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The Story of Old France by  H. A. Guerber
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HOW THE FRANKS CAME INTO GAUL

THE Romans ruled over Gaul nearly five hundred years. During the first two centuries the people improved, and the country prospered greatly, for the Romans thought of their good and worked hard to secure it. But the bad example set by many Emperors, and by the rich men at Rome, was in time followed by most of their countrymen, who became lazy and selfish.

As they needed more and more money and slaves, they laid always heavier taxes upon the Gauls, who had been happy and industrious as long as they were fairly treated, but who now became poor and sullen, and were finally so discouraged that many of them ceased to work. Peasants, who had lost all ambition, forsook their fields and wandered aimlessly around, stealing whenever they were hungry, and hating any and every one who was better off then they.

A mob of such angry peasants began a revolt in the fourth century, and although these people were soon brought to order, other revolts like this frequently took place in Gaul during the next three hundred years. Orderly people suffered much from such violence as well as from the inroads of the barbarians, who often crossed the Rhine when the roman army began to weaken.

In fact, the state of affairs in Gaul was so unsatisfactory [42] that Julian was sent there by the Emperor in 355 A.D. to restore order. After putting down a peasant revolt, he spent one winter in Paris, where he built a palace for himself, the ruins of which can still be seen there in a park. Next, Julian defeated seven barbarian chiefs near Strass'-burg. There, he first met the Franks, a tribe of brave German warriors who had already often crossed the Rhine to raid northern Gaul, and from whom, later, were to come the names France and French. Julian made friends with this tribe, took some of its warriors into his own army, and allowed the rest to settle between the Rhine and the Meuse, on condition that they should not permit any other German nations to cross the river.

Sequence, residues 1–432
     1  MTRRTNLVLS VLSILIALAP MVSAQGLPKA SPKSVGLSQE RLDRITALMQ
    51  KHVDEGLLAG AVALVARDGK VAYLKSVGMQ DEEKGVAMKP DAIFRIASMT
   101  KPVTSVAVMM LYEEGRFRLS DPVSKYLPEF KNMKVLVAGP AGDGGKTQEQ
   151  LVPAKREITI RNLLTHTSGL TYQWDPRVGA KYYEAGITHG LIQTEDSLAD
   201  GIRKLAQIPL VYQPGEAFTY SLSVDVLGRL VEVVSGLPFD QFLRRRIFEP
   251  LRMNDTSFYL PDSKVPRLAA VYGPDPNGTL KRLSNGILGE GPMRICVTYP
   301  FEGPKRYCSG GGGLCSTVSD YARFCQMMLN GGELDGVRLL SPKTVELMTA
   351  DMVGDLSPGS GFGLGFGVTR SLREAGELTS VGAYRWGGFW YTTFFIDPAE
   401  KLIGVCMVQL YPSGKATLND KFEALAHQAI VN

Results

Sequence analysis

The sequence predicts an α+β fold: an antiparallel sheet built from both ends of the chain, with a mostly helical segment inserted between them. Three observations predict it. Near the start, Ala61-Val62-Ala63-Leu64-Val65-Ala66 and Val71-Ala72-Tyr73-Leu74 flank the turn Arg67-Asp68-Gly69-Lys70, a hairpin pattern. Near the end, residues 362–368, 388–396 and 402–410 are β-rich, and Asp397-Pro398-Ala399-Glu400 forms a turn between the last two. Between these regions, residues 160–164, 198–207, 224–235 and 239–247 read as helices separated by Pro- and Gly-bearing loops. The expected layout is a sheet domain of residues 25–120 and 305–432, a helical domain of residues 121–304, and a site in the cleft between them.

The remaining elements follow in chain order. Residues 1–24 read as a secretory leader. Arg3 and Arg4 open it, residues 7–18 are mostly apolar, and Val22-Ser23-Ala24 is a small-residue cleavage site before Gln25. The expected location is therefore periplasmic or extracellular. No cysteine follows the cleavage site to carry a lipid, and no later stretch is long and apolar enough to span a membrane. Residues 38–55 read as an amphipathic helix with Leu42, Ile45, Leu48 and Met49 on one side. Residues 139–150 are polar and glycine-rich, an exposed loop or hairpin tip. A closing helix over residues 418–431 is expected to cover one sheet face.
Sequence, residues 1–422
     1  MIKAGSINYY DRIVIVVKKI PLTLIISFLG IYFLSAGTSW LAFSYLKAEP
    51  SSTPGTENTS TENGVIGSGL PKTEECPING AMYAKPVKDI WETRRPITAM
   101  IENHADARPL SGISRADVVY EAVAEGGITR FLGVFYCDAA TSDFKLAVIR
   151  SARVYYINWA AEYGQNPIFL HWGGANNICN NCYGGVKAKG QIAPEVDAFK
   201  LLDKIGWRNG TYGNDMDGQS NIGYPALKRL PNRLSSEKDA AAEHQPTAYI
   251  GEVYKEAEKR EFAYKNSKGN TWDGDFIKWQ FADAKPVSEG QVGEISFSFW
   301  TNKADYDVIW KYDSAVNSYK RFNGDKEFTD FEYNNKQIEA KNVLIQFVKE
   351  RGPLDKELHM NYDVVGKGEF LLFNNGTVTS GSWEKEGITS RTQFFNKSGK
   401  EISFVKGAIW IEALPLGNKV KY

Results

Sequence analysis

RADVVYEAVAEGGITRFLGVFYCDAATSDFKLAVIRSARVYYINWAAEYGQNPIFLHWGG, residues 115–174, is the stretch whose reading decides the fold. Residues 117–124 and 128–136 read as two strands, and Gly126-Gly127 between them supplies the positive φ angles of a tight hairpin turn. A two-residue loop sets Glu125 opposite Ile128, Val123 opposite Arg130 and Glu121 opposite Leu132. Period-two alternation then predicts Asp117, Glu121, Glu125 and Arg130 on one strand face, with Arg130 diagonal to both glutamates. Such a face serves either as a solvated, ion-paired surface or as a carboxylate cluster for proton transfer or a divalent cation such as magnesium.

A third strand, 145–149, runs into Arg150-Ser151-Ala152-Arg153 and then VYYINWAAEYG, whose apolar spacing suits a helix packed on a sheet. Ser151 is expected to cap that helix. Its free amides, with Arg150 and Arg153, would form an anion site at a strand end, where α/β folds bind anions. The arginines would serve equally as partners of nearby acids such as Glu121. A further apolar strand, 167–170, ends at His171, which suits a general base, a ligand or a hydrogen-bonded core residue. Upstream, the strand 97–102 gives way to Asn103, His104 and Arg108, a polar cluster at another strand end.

Julian had scarcely finished this arrangement when he was made Emperor in his turn. Not long after his death, the vast Roman Empire was divided into two parts, and governed by Emperors of the East and of the West. During this time, while the Romans were growing weaker and weaker, the Franks kept growing stronger and stronger, until they became to daring that one of them actually killed a Roman Emperor in 392 A.D. and set up another in his place.

These Franks were heathen; their name meant "bold fearless, open"; but they were so grasping that the Gauls used to say, "Take a Frank for a friend, but never for a neighbor!" Very little is known about their origin, except that they belonged to the German branch of the great human family. Later on, however, when people learned to read the old Greek and Latin poems, and everybody talked about the siege of Troy, a story was invented as follows: One of the Trojan heroes, Hector, had a son [43] named Francus, who escaped from the burning city and lived to become the father of a family, the Franks, which in time formed a great nation.